San Diego Natural History Museum--Your Nature ConnectionSDNHM Field Guide
Bobcat photo courtesy Gerald and Buff Corsi, California Academy of Sciences

Lynx rufus
Bobcat

Family: Felidae

Description

The bobcat is one of three native cats in the Pacific region of the United States, along with the mountain lion and the Canadian lynx (Ingles 1965). It has a small head, heavy body, long legs and large, padded paws. Its fur is pale brown to reddish with black spots. The underparts are white. The tip of the tail is black above and white below. The white underside of the tail serves as a signal for its kittens to follow when the bobcat holds the tail curved up when hunting for food.

The bobcat's sharp-pointed ears are tipped with dark, inconspicuous tufts. Compared to the Canadian lynx, the bobcat has shorter hindlimbs, smaller feet, and shorter ear tufts. Bobcats live 10-12 years in the wild, and up to 25 years in a zoo.

Size: It's a relatively small member of the cat family-the head and body measuring between 60-100 cm (24-40 inches) long, and the tail adding about another 20 cm (5 inches). Adult females weigh 6-9 kg (13-20 lbs) and adult males can weigh 9-13 kg (20-29 lbs).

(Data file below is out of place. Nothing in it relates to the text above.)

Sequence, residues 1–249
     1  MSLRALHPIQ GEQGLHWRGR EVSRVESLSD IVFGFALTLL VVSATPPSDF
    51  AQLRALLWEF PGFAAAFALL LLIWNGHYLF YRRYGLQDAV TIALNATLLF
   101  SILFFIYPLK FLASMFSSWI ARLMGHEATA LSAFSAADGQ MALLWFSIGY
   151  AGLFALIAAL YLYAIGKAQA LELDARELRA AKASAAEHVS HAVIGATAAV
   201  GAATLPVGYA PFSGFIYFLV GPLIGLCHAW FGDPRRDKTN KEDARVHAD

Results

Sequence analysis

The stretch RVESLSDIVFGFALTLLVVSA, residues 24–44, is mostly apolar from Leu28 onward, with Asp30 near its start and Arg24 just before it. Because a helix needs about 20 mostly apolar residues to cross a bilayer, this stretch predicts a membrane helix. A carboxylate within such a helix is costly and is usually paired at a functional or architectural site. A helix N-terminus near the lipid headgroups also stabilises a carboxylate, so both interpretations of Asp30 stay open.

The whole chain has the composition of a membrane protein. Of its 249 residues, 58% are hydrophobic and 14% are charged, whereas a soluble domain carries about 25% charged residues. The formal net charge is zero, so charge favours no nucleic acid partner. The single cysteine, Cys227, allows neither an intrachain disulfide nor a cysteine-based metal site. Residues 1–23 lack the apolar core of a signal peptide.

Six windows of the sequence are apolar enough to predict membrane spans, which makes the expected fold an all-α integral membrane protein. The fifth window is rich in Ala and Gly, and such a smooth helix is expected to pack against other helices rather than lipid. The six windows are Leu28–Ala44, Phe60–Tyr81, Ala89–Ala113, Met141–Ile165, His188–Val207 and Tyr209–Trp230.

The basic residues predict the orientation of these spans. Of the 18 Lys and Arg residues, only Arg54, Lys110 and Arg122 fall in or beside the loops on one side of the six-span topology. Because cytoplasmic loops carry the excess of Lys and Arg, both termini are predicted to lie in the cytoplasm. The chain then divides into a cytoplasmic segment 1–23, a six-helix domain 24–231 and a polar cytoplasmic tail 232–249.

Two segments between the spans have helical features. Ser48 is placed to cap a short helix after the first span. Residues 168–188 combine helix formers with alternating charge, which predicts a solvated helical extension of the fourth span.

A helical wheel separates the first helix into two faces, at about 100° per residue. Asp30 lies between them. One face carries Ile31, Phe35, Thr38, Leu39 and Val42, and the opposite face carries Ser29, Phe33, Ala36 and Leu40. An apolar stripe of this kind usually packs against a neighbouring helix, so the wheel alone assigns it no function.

Range and Habitat

The bobcat ranges from southern Canada to southern Mexico, and can be found throughout most of the United States. It inhabits a wide range of habitats, from rimrock and chaparral areas of the western United States to the swamps and forests the eastern United States. The bobcat dens in rock crevices, hollow logs, and thick brush.

Natural History

Behavior: Mostly nocturnal, the bobcat is a solitary animal. It ranges usually within a two mile radius, but may wander as far as 25 to 50 miles. Like the mountain lion, it mates briefly and the females raise the cubs alone. The cubs leave their mother within a year to live on their own.

Reproduction: Mating normally occurs in spring. After a gestation period of 50-60 days, the kittens are born. Litters usually contain two kittens, but may have as many as four. The kittens eyes open after 10-11 days.

Prey: Bobcats are carnivores, and eat primarily mammals: rabbits, woodrats, squirrels, and mice. Like many predators, however, they are opportunistic and will eat almost anything including birds, reptiles and amphibians. They can leap up to 10 feet to catch an animal.

See: www/sdnhm.org/exhibits/cats/sdcats.html


Text by Dr. Paisley Cato
Photo courtesy Gerald and Buff Corsi, California Academy of Sciences

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